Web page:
The myth that you can do anything

7 Dec

One of the most prominent myths in the pantheon of American mythology is that you can do anything you want if you set your mind to it. We hear this over and over again. It’s a reinforced theme in movies and examples are trotted out on Oprah for all to see. At the heart of this myth is the idea that there is enough social and economic mobility for you to go from zero to president.

I think this might have been true in Americas past, but no longer. With the current state of the economy, millions out of work (myself included), and an entire generation of college graduates who will be indentured servants for the rest of their lives, paying off massive college debt while working for years at McDonald’s, one could say I’m rather cynical about this idea that you can do anything you want if you put your mind to it.

You see, I feel that in order to attain the very top positions in our society, president, chairman on the joint chiefs of staff, senator, surgeon, astronaut, CEO of a major corporation, etc, you need to be either groomed for the job, or extremely lucky. It goes back to that old world mentality of being stuck with whatever class you’re born into and it’s infuriating.

Most people like to believe that through hard work you can achieve anything. While hard work is important, I feel this view is naive. Billions of people around the world work very hard at their jobs for years and never get anywhere. You can join the military as an enlisted person and work hard for decades, yet never make it to officer; something a college grad can go into officer school for and come out instantly ahead of anything you might achieve.  There are plenty of entrepreneurs that slave away over their business, only to have it fail. Hard work is no guarentee that you’ll be the next Google.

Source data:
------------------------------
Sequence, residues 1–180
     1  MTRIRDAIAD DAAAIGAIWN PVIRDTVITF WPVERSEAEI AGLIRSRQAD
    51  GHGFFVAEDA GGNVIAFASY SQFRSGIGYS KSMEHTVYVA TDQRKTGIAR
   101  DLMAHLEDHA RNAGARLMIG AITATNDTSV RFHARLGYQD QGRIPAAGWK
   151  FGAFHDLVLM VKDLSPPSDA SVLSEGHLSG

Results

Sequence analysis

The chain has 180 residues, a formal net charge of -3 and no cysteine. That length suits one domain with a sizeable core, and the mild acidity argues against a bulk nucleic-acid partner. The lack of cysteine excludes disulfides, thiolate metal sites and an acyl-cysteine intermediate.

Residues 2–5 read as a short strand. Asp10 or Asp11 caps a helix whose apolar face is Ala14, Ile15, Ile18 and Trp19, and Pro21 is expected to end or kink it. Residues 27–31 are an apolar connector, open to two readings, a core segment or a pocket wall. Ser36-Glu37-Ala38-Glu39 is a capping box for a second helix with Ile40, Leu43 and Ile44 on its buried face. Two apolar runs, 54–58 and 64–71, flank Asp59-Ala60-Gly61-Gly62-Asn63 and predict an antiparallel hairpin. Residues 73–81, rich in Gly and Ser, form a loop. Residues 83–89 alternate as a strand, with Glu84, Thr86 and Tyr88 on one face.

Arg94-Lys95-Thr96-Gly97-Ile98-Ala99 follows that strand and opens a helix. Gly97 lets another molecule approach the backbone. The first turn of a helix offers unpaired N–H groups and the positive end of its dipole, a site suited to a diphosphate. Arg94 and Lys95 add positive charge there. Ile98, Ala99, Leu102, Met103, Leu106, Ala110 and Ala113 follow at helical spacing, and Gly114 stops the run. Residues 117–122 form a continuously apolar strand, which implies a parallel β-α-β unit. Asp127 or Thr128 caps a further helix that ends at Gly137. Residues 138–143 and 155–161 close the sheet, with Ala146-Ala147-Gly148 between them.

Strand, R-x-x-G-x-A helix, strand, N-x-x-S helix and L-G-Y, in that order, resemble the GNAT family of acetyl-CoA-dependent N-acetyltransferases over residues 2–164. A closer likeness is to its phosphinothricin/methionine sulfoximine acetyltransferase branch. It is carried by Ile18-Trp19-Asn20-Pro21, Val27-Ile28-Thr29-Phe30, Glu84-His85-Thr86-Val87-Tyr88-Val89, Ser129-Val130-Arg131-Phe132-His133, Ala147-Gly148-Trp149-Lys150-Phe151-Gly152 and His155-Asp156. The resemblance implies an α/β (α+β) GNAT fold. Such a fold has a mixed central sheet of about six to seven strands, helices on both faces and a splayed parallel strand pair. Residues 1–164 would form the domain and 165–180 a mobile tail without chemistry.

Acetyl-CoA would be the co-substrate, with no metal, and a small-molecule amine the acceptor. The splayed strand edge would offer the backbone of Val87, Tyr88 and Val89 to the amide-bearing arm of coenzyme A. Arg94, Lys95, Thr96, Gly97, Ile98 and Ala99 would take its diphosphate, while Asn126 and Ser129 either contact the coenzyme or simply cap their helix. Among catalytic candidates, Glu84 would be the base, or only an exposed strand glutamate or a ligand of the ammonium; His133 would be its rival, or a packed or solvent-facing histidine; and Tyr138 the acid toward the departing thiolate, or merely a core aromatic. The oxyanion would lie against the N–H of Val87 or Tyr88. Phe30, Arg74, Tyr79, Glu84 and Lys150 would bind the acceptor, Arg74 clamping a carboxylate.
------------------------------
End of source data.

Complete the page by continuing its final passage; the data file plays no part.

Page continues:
If you’re a nobody and want one of those top positions, you need to know exactly what you want to do with you life by age 12, and work with unrelenting drive to achieve it. Even then there is no guarantee that with your 4.0 and stellar SAT scores that you’ll get into Harvard. This is a form of self grooming, but it requires a focus that almost nobody has. How many people honestly knew what they wanted to do for the rest of their lives when they were 12? (If you start too late in your teens, you won’t have the prodigy credentials needed to get anywhere) I had a rough idea when I started college, but by that time I was 18 and despite all my hard work, my interests shifted my senior year.

I’ll be 23 next month and with a worthless college degree my current options are limited to McDonald’s. I would love to be an astronaut but I can’t. I didn’t have stellar high school grades, I didn’t have the SAT scores needed to get me into one of the top college, I didn’t major in the right subject, and I don’t have any military pilot backgrounds. Even if I tried to go back to school, buried myself in debt, and worked to the point of exhaustion, I’d never make it. To get picked is a matter of luck and grooming. In order to get there I would have had to start at age 12.

Despite the fact that you can’t be anything you want to be, that you’re dealt a hand of cards when you’re born, we as a society insist on perpetuating this myth. We love “pull yourself up by the bootstraps” stories. I think we suffer from a mass confirmation bias when it comes to this stuff. We put it in movies, highlight it on talk shows, and write books about people who go from zero to hero. In reality you can work till you die and still be a zero, unless you’re either groomed from birth for the job, or extremely extremely lucky.